Our journals provide a sounding board that never answers back, never lets us down, and always provides written proof of our growth and resiliency.

Humans aren’t always very good at handling other people’s emotions. Witnessing another’s intense fear or pain often makes us uncomfortable, which means you can’t always get the exact support you need from those around you. People are flawed. But we can always turn to our journals and vent, cry on the page, craft a hit-list, or compile a litany of reasons why we’re justified.

Journaling Your Way Forward

When you’re ready to look forward a little bit, all you need is a tiny shred of willingness to consider getting over yourself. As I talk about in the latest podcast, Inspiration in All the Wrong Places, we humans can be very attached to our pain. We wear it like a badge, so everyone knows What We’ve Been Through.

While this mentality is often warranted and sometimes necessary, it’s also dangerous. Once in victim mode, it’s difficult to let go of that attention, the sympathy, the “story” that gives a reason for us being bitter or stuck. We wallow. We sulk. We throw a pity party and invite everyone we know.

If you can become willing to let go of that story a little, put down the violin long enough to take a deep breath, it’ll get easier to consider positive outcomes. You can start small, and see how that feels.

I’ve lost my job, but I get to sleep in every day. Better yet, I don’t have to wear those damn khakis anymore. Maybe your car died, but now you’ve got an excuse to ride the bicycle that’s been languishing in the garage. (You’ve been meaning to get more exercise, anyway.)

These tiny concessions open the door to greater possibilities. They help you wrench free from the attachment to mourning. They brighten up your world view and open doors you didn’t even know existed.

Next time you find yourself at the bitter end of a thankless situation, get out your journal and start the process of healing. Detail your gripes. When you’re ready, look at a few easy details about what might work out in your benefit. Let those details inspire you to entertain bigger and better possibilities.

My freedom from alarm clocks and khakis soon grows into the excitement that I’m free to change my career path. Liberated from your broken-down car, you meet your future life partner on the bike path. Instant lemonade: just add water.

Who knows what tomorrow might bring. Those silver linings are just starting to shine through.

Journaling Through Change

Humans are creatures of habit. We go about our daily lives, confident tomorrow will be just like today. So when change hits, as it inevitably does, we feel lost and unsure.

Change throws us off our game. It yanks the familiar ground out from beneath us. When we don’t know which end us up, we seek the comfort of the familiar. Of ritual, stability, constancy.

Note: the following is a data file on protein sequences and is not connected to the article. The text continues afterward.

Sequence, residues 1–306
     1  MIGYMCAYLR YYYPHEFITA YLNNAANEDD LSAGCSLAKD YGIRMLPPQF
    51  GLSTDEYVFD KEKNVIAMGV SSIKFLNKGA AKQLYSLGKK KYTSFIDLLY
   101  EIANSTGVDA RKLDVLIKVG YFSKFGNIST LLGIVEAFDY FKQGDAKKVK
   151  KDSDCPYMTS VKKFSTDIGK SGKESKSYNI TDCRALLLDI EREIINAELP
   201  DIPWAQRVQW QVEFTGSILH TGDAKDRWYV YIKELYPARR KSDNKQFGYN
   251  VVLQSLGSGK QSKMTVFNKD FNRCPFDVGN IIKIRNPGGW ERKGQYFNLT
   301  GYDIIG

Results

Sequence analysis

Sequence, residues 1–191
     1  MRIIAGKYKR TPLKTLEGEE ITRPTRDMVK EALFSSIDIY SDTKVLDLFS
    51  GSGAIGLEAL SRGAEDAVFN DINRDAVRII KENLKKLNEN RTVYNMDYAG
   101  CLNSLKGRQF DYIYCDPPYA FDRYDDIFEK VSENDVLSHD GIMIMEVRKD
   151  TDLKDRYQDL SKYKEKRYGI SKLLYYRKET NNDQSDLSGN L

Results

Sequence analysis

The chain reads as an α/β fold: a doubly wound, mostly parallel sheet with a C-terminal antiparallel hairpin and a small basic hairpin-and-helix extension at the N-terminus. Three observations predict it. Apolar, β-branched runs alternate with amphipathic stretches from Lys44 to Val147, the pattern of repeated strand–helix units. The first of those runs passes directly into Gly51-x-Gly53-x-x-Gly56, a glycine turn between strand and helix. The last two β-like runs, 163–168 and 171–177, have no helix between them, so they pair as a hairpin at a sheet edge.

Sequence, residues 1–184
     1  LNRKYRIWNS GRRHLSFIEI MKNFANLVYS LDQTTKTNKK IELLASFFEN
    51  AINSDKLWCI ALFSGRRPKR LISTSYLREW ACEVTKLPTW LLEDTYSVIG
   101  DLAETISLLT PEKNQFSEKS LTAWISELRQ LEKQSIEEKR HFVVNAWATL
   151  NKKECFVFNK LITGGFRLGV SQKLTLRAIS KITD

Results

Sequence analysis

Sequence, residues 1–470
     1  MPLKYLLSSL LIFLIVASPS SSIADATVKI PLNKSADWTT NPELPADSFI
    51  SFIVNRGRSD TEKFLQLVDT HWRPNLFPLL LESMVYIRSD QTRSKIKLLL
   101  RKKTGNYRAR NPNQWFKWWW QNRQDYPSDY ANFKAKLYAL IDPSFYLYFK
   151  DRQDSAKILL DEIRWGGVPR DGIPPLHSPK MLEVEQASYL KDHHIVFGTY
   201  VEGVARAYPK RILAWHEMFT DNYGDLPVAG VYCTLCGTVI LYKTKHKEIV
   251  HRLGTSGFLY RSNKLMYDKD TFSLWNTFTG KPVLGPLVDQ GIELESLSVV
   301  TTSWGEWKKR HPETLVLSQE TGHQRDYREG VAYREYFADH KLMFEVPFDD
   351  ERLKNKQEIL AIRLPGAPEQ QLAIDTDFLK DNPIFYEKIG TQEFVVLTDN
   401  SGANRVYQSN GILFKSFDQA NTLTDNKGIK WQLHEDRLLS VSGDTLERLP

Amid this struggling economy, many of us face uncertainty. We may be dealing with job loss or home relocation; both of these changes top the stress charts. Even a welcomed change of scenery or a positive career switch can be disorienting.

In times of change, journaling makes us resilient. It helps us find steadier footing so we can roll with the punches. When the world around us is uncertain, our journal provides a home base, a constant, and an undeniable sense of stability. Here’s how.

Continue reading this post on Creativity Portal»

Journaling Prompts for the Equinox

While it’s folklore that you can balance an egg on its end only during the Equinox, this magical time of the year is perfect for thinking about balance in our lives.

In the Pacific Northwest, balance can be seemingly hard to come by. July sees the sun rising at 4:30 and setting close to 10:00 PM. In contrast, winter bathes us in eternal twilight interrupted only by a few paltry hours of misty, overcast daytime.

It’s taken me a few years to learn how to follow these natural season rythms. I’m used to four seasons of equal length, easily measure and distributed. In this corner of the country, it feels like feast or famine.

But the comforting part is that we don’t have to be balanced all the time. Just like nature, we can swing wildly in different directions as long as we come back to center twice a year or so to regroup.

I’ve begun to tailor my activities to the ebb and flow of daylight. I spend the summers outdoors, going on adventures. I save multimedia projects for the winter, when I don’t feel bad about being inside, in front of my computer. In the winter I sleep more, eat more. In the summer I barely do either. This is, in its own way, balance.

Defining Your Own Balance